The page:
The article is contributed by Delzaad Deolaliwala, Chairman, Pan-India Medical Cannabis and Hemp Association (PIMCHA), Co-Founder and Chief Legal Officer, Bombay Hemp Company (BOHECO)
Cannabis Sativa L., also known as Vijaya or Bhanga in Ayurvedic Text and referenced in Atharva Veda – Samitha, has been a part of Indian Traditional Medicine for centuries. The therapeutic use of Vijaya and its formulations have since found mentions across various classical texts and ancient medical treatises, however, in the 19th century, cannabis was classified as a narcotic drug and medicines made out of cannabis came to be strictly regulated across the world.
In India, the use of cannabis in medicines was first regulated by The Dangerous Drugs Act, 1930 and currently comes under The Drugs and Cosmetics Act, 1940. The flowers and buds of the cannabis plant (known as Ganja) are regulated as a “narcotic drug” under the Narcotic Drugs and Psychotropic Substances Act, 1985 (NDPS Act) but the leaves (known as Bhang) and seeds when separated from the plant or the flower and buds are not regulated under the NDPS Act, 1985.
As the existing laws in India stand, there are no restrictions or limitations to legally utilizing the fibre, seed and leaf of the hemp plant to develop and commercially distribute products. Regulations regarding cultivation and processing of Industrial Hemp are governed by State departments including Excise, FDA and Ayush. Processing and manufacturing of medicinal cannabis comes under the purview of both Central and State government policies including NDPS Act, State Excise Act, and Drugs and Cosmetics Act.
From a cultivation standpoint, as per Section 14 of the NDPS Act, the cultivation and processing of cannabis plants for industrial purposes (to obtain the fibre or seed) or for horticultural purposes is permissible. The state of Uttarakhand pioneered the cultivation of industrial hemp within the limits of 0.3% THC, while also instituting research studies to allow for the medicinal and scientific use of cannabis plants by R&D institutions under Section 10 of NDPS Act.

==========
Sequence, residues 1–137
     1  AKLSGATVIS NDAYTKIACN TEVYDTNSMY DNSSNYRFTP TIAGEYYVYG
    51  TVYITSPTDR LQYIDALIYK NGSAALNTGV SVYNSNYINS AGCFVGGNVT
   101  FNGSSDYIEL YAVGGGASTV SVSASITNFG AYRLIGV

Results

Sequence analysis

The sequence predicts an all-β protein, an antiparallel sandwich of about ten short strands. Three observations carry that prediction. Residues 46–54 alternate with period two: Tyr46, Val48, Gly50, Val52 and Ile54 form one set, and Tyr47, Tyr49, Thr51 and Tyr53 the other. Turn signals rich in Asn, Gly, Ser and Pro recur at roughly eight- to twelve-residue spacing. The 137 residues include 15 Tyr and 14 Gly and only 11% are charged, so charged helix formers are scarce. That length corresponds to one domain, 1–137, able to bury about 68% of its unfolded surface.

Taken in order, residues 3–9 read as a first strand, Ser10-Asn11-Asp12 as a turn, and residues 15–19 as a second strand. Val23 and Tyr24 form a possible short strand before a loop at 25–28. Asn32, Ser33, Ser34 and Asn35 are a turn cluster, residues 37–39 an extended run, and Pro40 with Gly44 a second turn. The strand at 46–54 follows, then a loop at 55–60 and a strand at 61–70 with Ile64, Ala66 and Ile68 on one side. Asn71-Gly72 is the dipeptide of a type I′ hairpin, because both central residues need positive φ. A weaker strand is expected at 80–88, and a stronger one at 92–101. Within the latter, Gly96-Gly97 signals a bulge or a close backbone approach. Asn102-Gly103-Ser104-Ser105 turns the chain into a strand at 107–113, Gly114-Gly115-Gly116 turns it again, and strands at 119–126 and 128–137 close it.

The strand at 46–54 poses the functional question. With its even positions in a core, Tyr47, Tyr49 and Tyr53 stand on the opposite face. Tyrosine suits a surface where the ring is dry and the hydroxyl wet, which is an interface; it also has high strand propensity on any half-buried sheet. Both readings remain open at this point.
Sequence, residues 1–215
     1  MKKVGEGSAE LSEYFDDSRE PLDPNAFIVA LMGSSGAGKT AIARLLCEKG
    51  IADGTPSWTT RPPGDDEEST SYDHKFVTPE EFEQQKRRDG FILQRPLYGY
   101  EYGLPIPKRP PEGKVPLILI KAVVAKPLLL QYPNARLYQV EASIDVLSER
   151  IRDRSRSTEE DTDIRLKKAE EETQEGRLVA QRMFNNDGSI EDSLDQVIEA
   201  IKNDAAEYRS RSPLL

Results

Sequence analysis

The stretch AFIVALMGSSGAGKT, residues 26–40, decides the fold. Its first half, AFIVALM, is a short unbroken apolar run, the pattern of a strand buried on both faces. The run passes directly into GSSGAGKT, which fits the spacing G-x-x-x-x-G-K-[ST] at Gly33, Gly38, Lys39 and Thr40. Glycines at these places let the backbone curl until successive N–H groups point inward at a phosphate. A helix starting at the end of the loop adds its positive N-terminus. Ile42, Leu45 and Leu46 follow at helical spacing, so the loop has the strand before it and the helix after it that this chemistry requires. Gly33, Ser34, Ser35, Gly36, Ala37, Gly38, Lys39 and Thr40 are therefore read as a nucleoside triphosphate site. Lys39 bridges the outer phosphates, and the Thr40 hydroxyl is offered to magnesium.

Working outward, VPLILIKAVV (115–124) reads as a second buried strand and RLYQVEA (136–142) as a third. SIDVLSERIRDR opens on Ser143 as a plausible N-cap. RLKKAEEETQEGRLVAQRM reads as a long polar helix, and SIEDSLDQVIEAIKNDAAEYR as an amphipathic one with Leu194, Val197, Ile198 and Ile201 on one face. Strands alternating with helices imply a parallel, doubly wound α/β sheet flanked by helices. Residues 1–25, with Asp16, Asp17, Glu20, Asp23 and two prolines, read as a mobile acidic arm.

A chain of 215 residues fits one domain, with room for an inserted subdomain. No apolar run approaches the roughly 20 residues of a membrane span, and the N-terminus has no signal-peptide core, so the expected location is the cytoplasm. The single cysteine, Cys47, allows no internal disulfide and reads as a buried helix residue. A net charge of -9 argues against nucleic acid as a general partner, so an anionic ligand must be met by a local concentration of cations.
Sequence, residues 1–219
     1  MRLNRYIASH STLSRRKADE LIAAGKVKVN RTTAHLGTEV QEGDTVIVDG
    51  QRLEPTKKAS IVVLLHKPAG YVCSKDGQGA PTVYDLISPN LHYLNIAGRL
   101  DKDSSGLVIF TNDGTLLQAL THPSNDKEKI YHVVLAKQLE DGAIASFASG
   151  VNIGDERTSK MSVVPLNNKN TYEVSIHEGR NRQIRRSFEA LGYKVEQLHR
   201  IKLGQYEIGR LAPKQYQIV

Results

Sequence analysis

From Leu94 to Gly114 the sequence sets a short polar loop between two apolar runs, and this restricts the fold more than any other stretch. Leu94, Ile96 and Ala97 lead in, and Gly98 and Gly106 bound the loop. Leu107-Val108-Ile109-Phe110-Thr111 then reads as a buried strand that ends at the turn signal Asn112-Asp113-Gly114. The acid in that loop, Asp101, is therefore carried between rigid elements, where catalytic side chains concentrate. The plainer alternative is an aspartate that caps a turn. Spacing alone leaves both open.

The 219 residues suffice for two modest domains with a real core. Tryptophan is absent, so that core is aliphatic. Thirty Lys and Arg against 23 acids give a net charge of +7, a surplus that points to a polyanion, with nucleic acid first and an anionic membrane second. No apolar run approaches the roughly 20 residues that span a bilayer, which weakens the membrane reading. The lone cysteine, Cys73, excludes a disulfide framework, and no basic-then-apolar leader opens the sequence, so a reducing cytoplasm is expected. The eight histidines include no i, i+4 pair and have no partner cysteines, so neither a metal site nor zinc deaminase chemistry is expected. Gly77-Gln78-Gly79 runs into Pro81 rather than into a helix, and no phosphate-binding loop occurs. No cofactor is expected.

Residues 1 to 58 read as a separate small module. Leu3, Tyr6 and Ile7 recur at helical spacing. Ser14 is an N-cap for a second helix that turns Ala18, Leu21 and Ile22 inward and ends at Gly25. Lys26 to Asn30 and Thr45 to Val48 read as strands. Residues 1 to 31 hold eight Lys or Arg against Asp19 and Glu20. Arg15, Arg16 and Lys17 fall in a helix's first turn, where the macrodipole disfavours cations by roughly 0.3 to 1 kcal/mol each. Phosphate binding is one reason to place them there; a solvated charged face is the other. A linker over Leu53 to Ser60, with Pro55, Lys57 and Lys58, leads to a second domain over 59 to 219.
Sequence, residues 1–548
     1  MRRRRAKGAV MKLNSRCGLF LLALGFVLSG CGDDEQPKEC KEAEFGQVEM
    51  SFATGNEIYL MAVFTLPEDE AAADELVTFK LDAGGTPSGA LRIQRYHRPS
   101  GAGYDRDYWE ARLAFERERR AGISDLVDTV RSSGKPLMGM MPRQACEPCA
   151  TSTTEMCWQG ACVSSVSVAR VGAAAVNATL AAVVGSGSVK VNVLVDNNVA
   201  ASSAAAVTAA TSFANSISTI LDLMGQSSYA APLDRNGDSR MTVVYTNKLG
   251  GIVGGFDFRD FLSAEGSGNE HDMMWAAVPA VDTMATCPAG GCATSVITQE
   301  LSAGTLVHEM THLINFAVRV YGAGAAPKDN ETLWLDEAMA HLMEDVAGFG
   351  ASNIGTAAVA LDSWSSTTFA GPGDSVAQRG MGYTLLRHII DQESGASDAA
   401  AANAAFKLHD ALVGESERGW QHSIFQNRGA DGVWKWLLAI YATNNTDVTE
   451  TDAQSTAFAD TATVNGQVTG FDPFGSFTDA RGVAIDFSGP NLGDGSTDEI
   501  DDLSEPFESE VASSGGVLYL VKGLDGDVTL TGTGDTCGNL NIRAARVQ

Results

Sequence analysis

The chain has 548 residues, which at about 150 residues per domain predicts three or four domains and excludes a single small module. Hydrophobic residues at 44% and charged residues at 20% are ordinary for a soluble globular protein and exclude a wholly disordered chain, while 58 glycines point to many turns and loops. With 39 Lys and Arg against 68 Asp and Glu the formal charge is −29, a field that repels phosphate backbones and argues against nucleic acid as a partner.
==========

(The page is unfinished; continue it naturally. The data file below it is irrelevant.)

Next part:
From a licensed manufacture use perspective, as per Rule 161 (2) of the Drugs and Cosmetic Rules, 1945, AYUSH medicines containing any Schedule E (1) ingredient (such as the Cannabis Sativa leaf) can legally be taken under medical supervision. The Indian Medicine (Standards of Professional Conduct, Etiquette and Code of Ethics) Regulations, 1982 does not restrict the sale of Ayurvedic medicines containing Schedule E (1) ingredients by a registered practitioner, provided such medicines are sold to their own patients and not the public at large.
Winds of Change
The paradigm shift in medical cannabis and industrial hemp regulations was initiated by the United Nations Commission on Narcotic Drugs’ (CND) decision to vote for the removal of cannabis from Schedule IV and reclassify it to Schedule I of the 1961 Single Convention on Narcotic Drugs, where it was listed alongside dangerous opioids like heroin. The voting record is a testament to the evolving attitudes towards cannabis – with 27 of 53 member countries voting in favour. India’s tie-breaking vote was key to the reclassification, as Ukraine had abstained from voting.
The Government’s positive outlook towards cannabis from an industrial and medicinal lens has spurred the growth of a fledgeling sector which, if sustained, can provide enhanced health outcomes, aid doubling farmer’s incomes, generate rural employment and contribute to an environmentally sound ecosystem, in the long run. The Food Safety and Standards Authority of India’s (FSSAI) recognition of hemp seed and oil products as food in 2021 is another landmark decision which has contributed to the changing perception towards hemp and cannabis.
Today, with increasing awareness about the benefits of hemp and medicinal cannabis, there is a need for regulations governing both cultivation and licensed manufacturing use. The sector is in its infancy and requires forward-thinking policies regulating multiple stakeholders across central and state governments along with industry players and farmers as well. Drawing from the Global Best Practices of countries which have already legalized hemp will help in building a robust regulatory framework. Comprehensive guidelines addressing labelling, consumption and licensing will streamline approvals and contribute to the growth of a transparent ecosystem.
An unorganized sector with distinct regulations across different stakeholders has to be sufficiently cognizant of challenges and opportunities to ensure sectoral growth while sufficiently regulating to prevent misuse and/or abuse. Close collaboration between the Government and the industry will be key to a self-reliant hemp ecosystem, leading to an economically sound, socially inclusive and environmentally sustainable future.
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